Recess used to be an everyday occurrence — if you drove past your local school after lunch, you’d see hundreds of children running, playing and just being children. But the push toward good test scores on the state-wide standardized tests has changed that. Now, there isn’t enough time left in the day for things like play — even extracurricular programs like art, music, and drama have taken a hit and are being left out in favor of academics.
Recent studies have found that recess is important for more than just keeping children healthy and combating childhood obesity — it also helps improve cognitive skills.
Here are 4 ways that recess benefits children
1. Social Benefits
We start learning social skills as soon as we start interacting with other people. It begins with our interactions with our parents and transforms into our interactions with other children once we reach the age where we start going to daycare, kindergarten and grade school. Unstructured play, like what our children experience during recess or at the playground, helps to build and reinforce social skills in a way that can never be taught in
Children learn how to lead, how to compromise and how to deal with problems on the playground. They learn how to handle these situations. More simply, through play with other children their own age, their brains make connections that we as adults couldn’t hope to teach them. These skills will carry them through childhood and into their adult lives.
2. Cognitive Benefits
In addition to the social benefits offered by unstructured play, recess and unstructured play also have some cognitive benefits that are just starting to be explored. As adults, we know how important it is to take frequent breaks, especially during work. Science has shown that taking breaks helps adults to retain information better, learn new concepts faster and improve both creativity and productivity.
Just because they haven’t entered the workforce yet doesn’t mean that children don’t also benefit from these types of breaks — and science backs us up on this. Breaks from the structure of the school day are beneficial for both the body and mind, and they help segment the otherwise monotonous day, and keep children more engaged in their studies.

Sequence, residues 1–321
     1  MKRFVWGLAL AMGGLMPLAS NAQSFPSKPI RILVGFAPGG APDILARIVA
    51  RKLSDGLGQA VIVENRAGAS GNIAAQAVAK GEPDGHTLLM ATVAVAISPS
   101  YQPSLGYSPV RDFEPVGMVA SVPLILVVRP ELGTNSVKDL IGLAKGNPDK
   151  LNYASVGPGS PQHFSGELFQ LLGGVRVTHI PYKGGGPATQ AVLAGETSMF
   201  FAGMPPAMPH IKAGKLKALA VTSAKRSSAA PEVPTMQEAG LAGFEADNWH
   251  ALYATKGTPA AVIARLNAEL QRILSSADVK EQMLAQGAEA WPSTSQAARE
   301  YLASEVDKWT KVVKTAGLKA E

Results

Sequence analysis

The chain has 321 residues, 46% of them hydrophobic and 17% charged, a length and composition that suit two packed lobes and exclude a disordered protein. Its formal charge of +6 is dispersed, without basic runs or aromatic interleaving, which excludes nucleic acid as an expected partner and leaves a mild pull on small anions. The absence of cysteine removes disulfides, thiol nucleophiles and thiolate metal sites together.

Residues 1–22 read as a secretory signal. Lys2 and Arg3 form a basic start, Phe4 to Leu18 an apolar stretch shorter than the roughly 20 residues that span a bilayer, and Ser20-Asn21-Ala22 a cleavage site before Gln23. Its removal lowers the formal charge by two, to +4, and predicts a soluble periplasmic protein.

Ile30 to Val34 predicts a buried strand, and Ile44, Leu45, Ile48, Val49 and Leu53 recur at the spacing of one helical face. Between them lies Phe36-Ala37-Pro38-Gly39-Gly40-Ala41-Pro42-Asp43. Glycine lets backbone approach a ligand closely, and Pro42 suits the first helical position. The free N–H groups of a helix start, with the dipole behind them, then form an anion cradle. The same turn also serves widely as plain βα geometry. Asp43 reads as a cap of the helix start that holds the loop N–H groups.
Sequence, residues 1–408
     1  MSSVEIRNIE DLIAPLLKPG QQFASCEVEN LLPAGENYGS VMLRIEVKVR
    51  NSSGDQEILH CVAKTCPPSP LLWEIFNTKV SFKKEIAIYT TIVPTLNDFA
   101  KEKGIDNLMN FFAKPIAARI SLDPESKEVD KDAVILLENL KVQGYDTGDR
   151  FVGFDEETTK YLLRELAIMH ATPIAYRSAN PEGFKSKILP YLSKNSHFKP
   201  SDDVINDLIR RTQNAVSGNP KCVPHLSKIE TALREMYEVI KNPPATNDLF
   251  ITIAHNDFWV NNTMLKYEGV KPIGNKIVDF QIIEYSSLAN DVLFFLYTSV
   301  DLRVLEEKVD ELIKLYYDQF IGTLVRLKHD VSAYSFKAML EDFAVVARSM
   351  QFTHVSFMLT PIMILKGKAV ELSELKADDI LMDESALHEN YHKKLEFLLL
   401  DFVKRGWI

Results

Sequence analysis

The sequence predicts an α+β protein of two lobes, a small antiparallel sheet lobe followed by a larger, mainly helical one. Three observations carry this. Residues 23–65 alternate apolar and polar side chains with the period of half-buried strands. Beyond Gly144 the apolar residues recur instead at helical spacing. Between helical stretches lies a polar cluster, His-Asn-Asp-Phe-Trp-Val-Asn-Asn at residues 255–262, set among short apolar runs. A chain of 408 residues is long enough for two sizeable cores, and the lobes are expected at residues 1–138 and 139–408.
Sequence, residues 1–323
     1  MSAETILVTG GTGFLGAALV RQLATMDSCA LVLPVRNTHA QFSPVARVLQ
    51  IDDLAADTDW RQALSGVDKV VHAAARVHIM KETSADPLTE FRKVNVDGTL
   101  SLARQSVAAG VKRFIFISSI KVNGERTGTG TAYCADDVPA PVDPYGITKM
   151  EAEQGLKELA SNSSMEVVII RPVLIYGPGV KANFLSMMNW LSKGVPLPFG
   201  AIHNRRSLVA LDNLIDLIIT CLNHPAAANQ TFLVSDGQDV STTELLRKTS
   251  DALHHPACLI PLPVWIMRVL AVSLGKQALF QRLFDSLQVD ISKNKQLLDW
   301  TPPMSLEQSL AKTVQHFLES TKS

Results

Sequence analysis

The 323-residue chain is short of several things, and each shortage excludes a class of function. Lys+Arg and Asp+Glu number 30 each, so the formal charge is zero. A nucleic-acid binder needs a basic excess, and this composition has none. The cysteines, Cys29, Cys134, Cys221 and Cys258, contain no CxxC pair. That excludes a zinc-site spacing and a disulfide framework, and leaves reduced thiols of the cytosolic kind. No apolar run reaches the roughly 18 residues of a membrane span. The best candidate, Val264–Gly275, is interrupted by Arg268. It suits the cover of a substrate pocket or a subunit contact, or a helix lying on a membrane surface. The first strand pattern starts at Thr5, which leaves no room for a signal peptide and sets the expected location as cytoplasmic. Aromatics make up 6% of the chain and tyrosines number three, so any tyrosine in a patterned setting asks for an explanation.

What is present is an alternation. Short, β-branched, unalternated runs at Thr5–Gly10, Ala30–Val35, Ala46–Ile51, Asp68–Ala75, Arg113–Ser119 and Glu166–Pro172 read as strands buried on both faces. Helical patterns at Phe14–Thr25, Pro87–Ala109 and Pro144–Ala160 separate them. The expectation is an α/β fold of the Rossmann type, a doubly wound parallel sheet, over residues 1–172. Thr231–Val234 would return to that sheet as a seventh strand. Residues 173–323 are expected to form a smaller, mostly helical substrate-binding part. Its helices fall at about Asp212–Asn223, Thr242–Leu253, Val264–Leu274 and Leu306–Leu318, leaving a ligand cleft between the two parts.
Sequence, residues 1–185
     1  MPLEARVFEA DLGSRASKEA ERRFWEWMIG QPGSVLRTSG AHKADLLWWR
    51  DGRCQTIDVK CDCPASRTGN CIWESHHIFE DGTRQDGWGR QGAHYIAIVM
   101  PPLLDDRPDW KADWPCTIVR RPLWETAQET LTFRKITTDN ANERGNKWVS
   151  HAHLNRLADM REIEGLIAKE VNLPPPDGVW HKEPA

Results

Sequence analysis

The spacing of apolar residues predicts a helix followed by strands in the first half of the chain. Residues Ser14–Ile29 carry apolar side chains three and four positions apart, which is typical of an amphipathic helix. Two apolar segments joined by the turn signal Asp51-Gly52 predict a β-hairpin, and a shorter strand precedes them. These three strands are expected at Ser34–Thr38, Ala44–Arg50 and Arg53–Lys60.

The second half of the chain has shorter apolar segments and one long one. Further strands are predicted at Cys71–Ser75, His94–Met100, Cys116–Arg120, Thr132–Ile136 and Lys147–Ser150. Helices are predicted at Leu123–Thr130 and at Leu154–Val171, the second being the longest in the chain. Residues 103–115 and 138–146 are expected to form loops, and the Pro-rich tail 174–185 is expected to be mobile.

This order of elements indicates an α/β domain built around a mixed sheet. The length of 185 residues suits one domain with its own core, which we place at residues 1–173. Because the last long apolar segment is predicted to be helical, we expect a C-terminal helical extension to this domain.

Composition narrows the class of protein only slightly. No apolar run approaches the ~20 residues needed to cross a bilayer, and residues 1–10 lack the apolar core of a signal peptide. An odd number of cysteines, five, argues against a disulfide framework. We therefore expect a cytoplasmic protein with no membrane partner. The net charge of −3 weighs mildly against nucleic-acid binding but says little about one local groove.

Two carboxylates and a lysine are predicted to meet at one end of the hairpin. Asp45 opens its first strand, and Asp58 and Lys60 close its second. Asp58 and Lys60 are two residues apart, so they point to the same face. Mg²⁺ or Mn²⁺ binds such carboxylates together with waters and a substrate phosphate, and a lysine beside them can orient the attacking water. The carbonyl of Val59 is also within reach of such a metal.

Recess assists in providing a break in an otherwise academically steeped and heavily scheduled day. It helps children retain the information they’re being taught while giving them a break to help them burn off some of that childhood energy we’d all kill to access again.
Sunlight is also good for mood. Just like a dark room triggers the brain to release melatonin, the sleep hormone that controls the circadian rhythm, sunlight triggers the brain to release serotonin. This hormone naturally boosts mood and helps to increase focus. You can use sunlight, weather permitting, to naturally improve the mood of your students. This information may also explain why students who are trapped indoors during winter months often have poorer moods and increased behavioral problems.
3. Behavioral Benefits
Behavior in school can be a difficult thing to manage — these little energetic humans are expected to sit still and study for six to eight hours a day — and behave properly the whole time. This pressure leads to behavioral problems that could be avoided by simply having a break during the middle of